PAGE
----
OK, I decided to jump in with both feet and build the 1/9 scale version of the BMW R75. I must admit two things: First, I know nothing about motorcycles, and second, the size of this kit is intimidating.
First, I cranked up Wikipedia to get some info on what I was building. Here is the background:
In 1938, the Germany Army sent design requests to BMW and Zundapp for a motorcycle that could serve various functions on the battlefield. Both designs were very similar, and both the BMW R75 and the Zundapp KS750 entered production. The BMW machine was powered by an OHV 750cc engine, which powered both the front and rear wheels. A drive shaft powered the rear wheel, as well as the third wheel on the sidecar through a locking differential and a transfer case which had both road and off-road gear ratios available. The BMW had 4 forward gears and a reverse gear, all of which were available in both road and off-road configurations. After both the BMW and the Zundapp had entered service, it became clear that the Zundapp was a better machine. In 1942, the German Army requested that BMW and Zundapp look a standardizing parts that could be shared between the machines, with the eventual goal of creating a BMW/Zundapp hybrid machine. Using common parts between the two motorcycles would greatly simplify and streamline maintenance and parts supply for the motorcycles, especially those on the battlefield. BMW agreed that when the production of the R75 reached 20,200 machines that they would begin to produce only the hybrid motorcycle. Eventually 70% of the parts were shared between the R75 and the KS750. The 20,200 target was never reached, however, because the plant that was making the BMW machine was destroyed by Allied bombing in 1944. Production ceased at that time.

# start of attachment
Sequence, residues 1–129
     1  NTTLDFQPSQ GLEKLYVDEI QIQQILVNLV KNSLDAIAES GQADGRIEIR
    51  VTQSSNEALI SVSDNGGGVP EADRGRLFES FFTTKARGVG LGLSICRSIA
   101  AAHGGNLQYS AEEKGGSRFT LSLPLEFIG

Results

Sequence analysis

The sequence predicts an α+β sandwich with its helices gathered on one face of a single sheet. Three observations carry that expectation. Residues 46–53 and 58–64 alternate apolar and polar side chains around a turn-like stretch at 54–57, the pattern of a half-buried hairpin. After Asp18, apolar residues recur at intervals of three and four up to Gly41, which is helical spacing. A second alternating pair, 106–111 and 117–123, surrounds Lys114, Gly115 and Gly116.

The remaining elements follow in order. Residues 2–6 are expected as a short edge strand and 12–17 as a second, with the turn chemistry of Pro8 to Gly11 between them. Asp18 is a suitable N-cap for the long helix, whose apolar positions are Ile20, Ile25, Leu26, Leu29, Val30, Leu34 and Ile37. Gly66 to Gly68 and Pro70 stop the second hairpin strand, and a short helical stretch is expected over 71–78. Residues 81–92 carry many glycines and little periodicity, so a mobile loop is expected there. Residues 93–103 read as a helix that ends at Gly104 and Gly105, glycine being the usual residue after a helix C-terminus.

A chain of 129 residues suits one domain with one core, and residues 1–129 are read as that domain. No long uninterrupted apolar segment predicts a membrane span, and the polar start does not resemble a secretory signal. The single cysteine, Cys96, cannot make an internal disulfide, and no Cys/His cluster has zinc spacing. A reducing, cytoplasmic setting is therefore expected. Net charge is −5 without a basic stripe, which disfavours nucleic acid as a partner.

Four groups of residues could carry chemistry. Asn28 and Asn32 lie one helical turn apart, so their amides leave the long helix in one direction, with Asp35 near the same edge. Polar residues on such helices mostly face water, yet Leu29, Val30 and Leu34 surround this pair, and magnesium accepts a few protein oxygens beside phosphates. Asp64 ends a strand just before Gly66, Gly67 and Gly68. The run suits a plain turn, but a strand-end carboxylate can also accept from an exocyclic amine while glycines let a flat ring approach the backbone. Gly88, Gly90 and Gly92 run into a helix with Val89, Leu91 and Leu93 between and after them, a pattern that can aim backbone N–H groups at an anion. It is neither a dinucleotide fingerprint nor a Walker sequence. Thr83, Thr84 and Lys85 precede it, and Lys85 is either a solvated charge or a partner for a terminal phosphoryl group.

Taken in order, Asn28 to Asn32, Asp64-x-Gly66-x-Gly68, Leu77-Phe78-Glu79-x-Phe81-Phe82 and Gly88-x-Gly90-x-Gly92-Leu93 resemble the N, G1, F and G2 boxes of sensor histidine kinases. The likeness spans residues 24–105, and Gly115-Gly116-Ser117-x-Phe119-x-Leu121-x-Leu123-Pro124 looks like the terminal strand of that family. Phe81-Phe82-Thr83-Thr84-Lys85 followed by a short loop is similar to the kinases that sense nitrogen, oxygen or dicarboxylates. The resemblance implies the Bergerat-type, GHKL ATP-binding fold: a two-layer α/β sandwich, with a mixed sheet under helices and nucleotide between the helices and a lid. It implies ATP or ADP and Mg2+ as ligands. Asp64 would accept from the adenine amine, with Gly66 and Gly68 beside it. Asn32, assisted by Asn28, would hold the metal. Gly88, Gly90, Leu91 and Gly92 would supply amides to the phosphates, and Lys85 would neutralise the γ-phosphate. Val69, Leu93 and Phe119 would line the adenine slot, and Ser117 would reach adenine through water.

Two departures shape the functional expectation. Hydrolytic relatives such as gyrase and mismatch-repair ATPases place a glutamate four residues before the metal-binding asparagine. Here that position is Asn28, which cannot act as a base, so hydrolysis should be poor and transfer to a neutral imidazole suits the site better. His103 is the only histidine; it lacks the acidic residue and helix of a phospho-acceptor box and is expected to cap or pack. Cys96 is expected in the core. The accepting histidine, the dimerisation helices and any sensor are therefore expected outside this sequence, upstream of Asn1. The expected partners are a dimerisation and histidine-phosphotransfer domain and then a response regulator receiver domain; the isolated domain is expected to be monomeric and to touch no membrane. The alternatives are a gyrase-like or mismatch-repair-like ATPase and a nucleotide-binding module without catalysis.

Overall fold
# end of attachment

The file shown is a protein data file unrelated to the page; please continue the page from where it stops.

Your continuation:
An interesting side note is that several BMW R75s fell into the hands of the American Army during the war. They were found to be an excellent machine that was highly reliable. The US Army approached Harley-Davidson and asked them to produce a similar shaft-driven motorcycle for the Americans. Harley-Davidson began producing the Harley-Davidson XA, their first ever shaft-driven motorcycle, that was almost identical to the R75.
I found the Italeri version of the BMW on Ebay for about $40, which seemed like a reasonable price. The box is labeled "German Military Motorcycle with Sidecar", but the instructions make it clear that this is a BMW R75. This is a massive kit with a ton of parts, including vinyl seats, rubber tires, rubber hoses, and a million plastic parts. The parts are fairly flash-free, but there are several large sinkholes in the plastic that will require some work to get them fixed. The parts and molding did not strike me as being old, but I seem to remember seeing this kits on store shelves for a lot of years. I went to my source for the history of a model, Scalemates, and discovered a long and well-known production lineage:
-ESCI (again) 1976
-ESCI (again) 1983
-Revell (again) 2002
There were a couple more stops at Revell and a couple of others that I left out, mainly because my fingers were getting tired typing them all into the list.
The build starts with the sidecar. I am trying to build as much as I can in sub-assemblies, so my goal is to paint and assemble as much as I can before I start adding it to the basic motorcycle. The kit provides decals for several different machines in either German Gray or German Desert Tan. I want to do one in the desert scheme rather than an overall gray machine. I have to admit I have wanted to build one of these since I saw Harrison Ford and Sean Connery driving around in a motorcycle with a sidecar in Indiana Jones and the Last Crusade. So, off we go. That's about it for today. More tomorrow. Cheers.
5 attached images. Click to enlarge.